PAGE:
Learning on the MOVE

News: Learning on the MOVE 01
Destiny proudly shows off the MOVE plaque with mum Georgette

Greenwich schools involved in the MOVE programme have been awarded plaques in recent weeks. On Monday 1 October we visited a school on the Greenwich Peninsula near the O2 to see one of the presentations.

News: Learning on the MOVE 02
Rod Hough, Di Rickard from MOVE and Children's Community Physiotherapist Sarah Whiting

Star of the show was six-year-old Destiny Makuntima, a pupil at Millennium Primary School, at John Harrison Way, Greenwich. The MOVE programme has helped him manoeuvre himself out of his wheelchair to enable him to sit with on the floor with his friends.

MOVE stands for Mobility Opportunities Via Education and is an internationally recognised activity based programme originally developed in the United States.

The Greenwich Move Programme is a scheme to support children with a physical disability in mainstream schools. It is being run in collaboration between our Adult Community Services, the Royal Borough of Greenwich and the charity MOVE Europe.

A number of Oxleas members of staff have worked with Destiny and other children. Rod Hough, a Therapy Technician based at Goldie Leigh said he has worked closely with Destiny. He said that he and his colleagues have trained teachers and Destiny's mum Georgette to help Destiny get himself out of his wheelchair. Destiny said that he can now do much more that he used to and enjoys learning while sitting with his friends.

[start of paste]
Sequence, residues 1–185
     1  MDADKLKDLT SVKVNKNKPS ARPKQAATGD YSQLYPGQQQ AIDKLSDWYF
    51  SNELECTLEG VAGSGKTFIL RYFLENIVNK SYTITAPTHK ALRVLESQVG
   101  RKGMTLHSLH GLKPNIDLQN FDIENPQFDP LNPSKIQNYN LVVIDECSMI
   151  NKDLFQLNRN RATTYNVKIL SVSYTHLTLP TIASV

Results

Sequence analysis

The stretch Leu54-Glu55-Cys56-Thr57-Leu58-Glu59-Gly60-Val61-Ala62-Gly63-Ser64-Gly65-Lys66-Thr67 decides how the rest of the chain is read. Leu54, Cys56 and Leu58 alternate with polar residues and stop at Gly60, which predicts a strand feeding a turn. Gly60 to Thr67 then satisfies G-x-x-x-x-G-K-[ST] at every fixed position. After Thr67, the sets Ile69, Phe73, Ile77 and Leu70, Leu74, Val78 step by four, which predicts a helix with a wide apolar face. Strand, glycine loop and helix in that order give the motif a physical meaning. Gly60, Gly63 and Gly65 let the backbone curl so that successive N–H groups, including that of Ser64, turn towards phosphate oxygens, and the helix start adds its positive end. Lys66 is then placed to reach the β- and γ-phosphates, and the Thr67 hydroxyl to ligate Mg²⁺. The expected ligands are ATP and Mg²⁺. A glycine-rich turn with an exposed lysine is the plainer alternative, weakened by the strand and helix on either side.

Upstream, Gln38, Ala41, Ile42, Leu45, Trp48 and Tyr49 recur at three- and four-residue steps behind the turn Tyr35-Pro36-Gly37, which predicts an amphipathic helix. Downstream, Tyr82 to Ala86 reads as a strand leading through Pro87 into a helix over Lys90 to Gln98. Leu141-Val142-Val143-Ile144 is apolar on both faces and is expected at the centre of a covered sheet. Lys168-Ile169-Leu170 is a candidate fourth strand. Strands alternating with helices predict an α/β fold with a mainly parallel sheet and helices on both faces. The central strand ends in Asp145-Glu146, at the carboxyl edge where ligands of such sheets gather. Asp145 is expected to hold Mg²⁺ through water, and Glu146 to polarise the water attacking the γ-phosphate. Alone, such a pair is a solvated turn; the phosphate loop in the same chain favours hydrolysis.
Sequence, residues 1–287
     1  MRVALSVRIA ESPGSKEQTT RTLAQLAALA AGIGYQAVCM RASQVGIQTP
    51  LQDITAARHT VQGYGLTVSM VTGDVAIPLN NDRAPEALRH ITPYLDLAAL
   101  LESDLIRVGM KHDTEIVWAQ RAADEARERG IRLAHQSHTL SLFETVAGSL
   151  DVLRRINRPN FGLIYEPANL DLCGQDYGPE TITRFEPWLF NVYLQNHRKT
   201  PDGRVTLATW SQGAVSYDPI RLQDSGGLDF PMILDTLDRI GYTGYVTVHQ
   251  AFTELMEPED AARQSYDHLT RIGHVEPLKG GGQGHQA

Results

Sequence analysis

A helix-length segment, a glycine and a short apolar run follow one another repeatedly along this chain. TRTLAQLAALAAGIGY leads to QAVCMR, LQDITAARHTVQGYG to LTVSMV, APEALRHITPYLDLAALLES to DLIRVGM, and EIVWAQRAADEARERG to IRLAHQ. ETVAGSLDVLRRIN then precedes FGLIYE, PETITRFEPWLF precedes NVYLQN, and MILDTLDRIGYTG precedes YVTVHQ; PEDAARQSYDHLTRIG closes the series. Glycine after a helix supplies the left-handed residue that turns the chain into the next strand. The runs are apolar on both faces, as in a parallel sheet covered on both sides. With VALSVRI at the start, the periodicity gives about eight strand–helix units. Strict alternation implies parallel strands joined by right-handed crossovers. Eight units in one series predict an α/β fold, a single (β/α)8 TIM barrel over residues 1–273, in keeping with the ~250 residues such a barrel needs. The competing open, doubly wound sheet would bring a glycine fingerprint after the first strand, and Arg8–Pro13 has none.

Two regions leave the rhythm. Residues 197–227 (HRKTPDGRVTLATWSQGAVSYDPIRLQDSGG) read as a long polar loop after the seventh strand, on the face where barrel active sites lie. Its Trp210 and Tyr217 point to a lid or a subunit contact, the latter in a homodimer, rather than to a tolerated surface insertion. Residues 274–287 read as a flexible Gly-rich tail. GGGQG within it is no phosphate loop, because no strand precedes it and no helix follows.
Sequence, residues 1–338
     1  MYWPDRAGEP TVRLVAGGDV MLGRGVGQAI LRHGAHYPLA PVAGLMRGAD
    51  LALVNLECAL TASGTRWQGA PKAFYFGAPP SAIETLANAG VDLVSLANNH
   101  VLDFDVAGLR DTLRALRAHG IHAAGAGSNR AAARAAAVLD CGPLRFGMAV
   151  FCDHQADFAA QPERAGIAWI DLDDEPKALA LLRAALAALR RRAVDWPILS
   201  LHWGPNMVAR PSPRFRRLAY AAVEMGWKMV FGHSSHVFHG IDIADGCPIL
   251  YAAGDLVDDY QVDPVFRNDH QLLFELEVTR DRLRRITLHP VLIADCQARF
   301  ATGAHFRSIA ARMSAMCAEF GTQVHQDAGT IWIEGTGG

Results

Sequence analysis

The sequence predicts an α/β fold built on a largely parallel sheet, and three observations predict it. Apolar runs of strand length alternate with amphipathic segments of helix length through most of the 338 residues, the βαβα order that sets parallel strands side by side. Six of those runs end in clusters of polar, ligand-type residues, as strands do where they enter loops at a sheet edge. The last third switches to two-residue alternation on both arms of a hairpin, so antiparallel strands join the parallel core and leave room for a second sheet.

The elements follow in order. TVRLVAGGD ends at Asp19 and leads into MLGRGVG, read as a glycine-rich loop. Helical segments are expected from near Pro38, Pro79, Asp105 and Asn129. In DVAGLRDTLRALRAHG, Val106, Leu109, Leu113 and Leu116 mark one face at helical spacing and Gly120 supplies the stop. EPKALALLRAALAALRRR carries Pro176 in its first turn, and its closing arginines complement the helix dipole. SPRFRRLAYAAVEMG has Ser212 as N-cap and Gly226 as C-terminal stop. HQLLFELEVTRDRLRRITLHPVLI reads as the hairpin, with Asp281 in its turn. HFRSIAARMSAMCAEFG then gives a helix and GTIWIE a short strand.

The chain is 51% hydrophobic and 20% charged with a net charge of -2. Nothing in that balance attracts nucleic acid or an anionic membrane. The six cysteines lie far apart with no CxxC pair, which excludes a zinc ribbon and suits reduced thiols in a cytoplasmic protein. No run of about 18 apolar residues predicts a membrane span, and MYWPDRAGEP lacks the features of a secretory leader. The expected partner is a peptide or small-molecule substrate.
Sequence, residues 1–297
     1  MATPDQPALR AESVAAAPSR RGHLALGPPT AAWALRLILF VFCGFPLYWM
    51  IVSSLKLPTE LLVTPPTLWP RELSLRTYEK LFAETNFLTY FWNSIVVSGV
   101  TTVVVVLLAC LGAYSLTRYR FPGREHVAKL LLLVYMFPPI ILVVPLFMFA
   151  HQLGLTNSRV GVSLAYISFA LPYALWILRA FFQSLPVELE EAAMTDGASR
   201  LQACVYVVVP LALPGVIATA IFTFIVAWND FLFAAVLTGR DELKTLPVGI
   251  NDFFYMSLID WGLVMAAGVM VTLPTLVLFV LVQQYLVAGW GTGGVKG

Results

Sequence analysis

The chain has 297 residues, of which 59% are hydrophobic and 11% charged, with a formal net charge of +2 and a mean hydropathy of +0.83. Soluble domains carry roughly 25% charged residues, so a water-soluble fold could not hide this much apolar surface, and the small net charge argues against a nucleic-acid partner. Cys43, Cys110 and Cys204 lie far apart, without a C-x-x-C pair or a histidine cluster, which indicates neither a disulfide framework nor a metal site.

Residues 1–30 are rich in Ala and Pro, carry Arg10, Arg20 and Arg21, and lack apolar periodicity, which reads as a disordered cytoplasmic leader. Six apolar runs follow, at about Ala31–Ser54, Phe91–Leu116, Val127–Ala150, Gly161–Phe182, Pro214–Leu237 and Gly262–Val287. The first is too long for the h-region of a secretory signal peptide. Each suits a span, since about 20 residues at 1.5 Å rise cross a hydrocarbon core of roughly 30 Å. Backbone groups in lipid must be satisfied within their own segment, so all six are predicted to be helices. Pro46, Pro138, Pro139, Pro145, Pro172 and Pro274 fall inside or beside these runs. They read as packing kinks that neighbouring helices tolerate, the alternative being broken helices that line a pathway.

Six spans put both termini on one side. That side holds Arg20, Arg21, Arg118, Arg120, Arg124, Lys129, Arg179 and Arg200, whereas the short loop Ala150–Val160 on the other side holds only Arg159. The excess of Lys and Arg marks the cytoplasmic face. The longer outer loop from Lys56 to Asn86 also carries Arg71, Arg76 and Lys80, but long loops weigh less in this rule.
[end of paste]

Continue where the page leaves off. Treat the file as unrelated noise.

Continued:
MOVE uses an inclusive approach involving the whole environment around a person, including education, therapy and family to teach severely disabled children and adults the skills of sitting, standing, walking and transferring to the best of their ability. (Transferring is the ability to move oneself, for example from a wheelchair to a toilet or car.) In turn this can help to develop their cognitive and communication skills, and it can also improve health and social inclusion.

Central to the MOVE Programme is the participation of the child's entire care team, including family members, professional carers, teachers, learning assistants, therapists and anyone else who acts in a supporting role. Through this goal-orientated approach involving meaningful skills, the team is able to work to targets chosen by the individual and/or their family, thereby enabling performance to the best of the individual's ability.

"Greenwich is blessed with inspired individuals leading the programmes in the special schools at Willow Dene and Charlton, which have become regional centres of excellence. The message as to what benefits are available for children with disabilities on the MOVE Programme in Greenwich, in terms of social inclusion, independence, dignity and enhanced movement and learning opportunities came across strongly. Our aim is to reach the same standards of provision for children in mainstream schools."

To find out more about the Greenwich MOVE Programme, contact John Connelly on 020 8311 5419 or john.connelly@oxleas.nhs.uk

Published on 12th October 2012